Long Waiting Times Plague Cancer Patients’ Bone Marrow Transplants

Patients in New Zealand requiring bone marrow transplants are facing significant delays, with some waiting as long as four months instead of the recommended four weeks. Doctors and advocacy groups have expressed concern over the potential deadly consequences of these delays and have criticized the lack of action from the Cancer Control Agency. The overload of services has resulted in longer wait times, putting patients at risk.

One patient, identified as Mark, was diagnosed with multiple myeloma in 2017 and received his first bone marrow transplant on schedule. However, by the end of 2020, he relapsed and was advised to undergo another transplant by July 2021. Despite being given two-week warnings, Mark experienced several delays and ultimately received his transplant in September 2022. The increased wait times have raised concerns about disease progression and potential complications.

Consultant haematologist Professor Peter Browett explained that the demand for transplants has increased due to an aging population. While the number of transplants conducted annually has doubled in the last six years, resource allocation has not kept pace. Patients with acute leukemia, in particular, are at risk as they often wait three to four months for an available slot, increasing the likelihood of disease recurrence.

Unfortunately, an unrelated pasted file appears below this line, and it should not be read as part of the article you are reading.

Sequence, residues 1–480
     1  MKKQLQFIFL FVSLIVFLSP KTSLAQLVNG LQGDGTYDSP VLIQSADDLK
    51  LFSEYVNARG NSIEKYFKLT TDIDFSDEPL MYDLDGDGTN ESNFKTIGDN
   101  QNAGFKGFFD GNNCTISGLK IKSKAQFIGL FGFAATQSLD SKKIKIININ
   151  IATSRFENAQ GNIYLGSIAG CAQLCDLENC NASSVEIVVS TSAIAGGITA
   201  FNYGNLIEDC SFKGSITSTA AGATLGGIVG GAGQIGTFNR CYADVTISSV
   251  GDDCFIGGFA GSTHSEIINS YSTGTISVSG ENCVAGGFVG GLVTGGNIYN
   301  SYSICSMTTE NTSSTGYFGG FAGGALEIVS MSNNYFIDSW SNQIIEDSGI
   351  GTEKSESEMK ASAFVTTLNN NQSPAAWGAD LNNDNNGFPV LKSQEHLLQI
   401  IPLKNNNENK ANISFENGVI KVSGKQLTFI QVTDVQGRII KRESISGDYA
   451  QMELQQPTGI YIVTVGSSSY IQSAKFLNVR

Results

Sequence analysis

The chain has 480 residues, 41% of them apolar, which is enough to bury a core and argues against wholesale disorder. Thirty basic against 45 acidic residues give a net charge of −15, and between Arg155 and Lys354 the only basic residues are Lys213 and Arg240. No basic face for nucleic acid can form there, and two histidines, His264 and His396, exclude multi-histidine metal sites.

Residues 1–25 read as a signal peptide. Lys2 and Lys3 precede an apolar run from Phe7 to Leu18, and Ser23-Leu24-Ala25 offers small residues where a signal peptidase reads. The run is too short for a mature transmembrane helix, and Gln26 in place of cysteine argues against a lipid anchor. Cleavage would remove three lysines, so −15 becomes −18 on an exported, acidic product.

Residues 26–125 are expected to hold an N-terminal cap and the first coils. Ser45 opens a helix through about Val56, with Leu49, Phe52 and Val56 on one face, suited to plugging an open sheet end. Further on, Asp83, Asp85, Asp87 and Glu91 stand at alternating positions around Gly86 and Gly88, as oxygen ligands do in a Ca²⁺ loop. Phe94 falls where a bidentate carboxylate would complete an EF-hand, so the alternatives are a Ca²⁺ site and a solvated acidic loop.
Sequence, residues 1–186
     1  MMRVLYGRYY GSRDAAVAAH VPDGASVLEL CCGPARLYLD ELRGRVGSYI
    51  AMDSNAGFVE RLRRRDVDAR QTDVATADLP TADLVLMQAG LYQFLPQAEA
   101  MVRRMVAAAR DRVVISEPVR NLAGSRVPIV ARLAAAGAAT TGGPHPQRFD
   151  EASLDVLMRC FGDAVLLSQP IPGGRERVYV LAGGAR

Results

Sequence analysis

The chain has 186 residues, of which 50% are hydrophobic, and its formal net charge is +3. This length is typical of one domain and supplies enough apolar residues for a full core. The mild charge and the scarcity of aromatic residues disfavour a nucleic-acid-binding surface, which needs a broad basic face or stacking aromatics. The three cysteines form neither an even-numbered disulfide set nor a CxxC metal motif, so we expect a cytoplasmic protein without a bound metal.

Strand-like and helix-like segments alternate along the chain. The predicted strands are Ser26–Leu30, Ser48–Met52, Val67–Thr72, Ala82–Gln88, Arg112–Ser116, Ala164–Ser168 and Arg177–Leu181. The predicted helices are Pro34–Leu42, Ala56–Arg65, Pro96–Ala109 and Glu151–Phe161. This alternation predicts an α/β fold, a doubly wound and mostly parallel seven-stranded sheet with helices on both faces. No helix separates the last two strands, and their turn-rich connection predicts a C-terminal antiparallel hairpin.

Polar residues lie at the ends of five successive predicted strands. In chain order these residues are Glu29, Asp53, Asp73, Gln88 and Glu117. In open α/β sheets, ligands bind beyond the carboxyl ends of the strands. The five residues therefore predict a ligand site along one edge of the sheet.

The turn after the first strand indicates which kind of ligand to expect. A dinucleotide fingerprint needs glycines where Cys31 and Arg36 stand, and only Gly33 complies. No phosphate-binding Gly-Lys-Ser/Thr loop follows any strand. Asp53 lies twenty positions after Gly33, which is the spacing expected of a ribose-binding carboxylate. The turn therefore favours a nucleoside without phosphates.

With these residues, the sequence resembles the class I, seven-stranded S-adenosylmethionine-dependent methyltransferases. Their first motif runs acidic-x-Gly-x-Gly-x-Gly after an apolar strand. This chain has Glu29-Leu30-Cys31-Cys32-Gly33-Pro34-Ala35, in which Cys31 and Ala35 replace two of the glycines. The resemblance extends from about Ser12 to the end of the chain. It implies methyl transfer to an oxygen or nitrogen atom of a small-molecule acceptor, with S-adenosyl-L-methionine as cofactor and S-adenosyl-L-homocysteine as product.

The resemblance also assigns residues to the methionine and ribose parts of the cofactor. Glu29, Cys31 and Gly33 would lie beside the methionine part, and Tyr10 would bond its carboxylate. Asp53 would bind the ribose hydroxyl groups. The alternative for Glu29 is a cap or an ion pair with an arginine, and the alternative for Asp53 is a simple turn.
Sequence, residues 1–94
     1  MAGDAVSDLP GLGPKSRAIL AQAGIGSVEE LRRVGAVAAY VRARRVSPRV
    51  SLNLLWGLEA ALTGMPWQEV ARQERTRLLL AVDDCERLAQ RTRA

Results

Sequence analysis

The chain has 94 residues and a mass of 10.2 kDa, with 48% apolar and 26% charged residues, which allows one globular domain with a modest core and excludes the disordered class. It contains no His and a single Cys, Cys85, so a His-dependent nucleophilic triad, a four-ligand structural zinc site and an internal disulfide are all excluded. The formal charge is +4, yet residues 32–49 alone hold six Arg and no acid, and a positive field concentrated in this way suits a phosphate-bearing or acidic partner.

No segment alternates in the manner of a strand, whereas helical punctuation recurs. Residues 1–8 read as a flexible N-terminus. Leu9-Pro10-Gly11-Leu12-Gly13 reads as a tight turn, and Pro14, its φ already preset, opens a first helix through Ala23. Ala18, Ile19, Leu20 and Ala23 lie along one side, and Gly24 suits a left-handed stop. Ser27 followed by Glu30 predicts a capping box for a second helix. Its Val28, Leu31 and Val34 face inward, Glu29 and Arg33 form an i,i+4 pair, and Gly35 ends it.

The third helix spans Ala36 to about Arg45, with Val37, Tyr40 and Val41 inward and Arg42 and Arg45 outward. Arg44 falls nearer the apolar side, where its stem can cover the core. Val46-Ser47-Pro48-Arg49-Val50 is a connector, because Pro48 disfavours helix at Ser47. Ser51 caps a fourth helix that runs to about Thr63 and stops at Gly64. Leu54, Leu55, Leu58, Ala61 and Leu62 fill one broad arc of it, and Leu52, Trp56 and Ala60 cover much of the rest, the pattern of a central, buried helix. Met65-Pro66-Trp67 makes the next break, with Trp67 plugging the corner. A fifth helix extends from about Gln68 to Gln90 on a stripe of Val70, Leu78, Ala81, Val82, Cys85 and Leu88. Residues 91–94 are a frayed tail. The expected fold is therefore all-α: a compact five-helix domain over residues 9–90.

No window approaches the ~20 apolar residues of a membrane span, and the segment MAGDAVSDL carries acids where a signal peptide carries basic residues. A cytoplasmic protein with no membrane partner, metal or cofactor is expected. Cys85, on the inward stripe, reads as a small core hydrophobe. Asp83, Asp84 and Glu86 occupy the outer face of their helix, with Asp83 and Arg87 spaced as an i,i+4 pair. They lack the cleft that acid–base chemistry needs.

The Cancer Control Agency, known as Te Aho o Te Kahu, has acknowledged the delays and is monitoring wait lists while developing business cases for additional staffing and facilities. However, Professor Browett and others are disappointed with the agency’s response, citing the lack of concrete action despite years of discussions and meetings. Prompt access to high-quality stem cell transplants is crucial for blood cancer patients, and addressing the wait times remains a priority.

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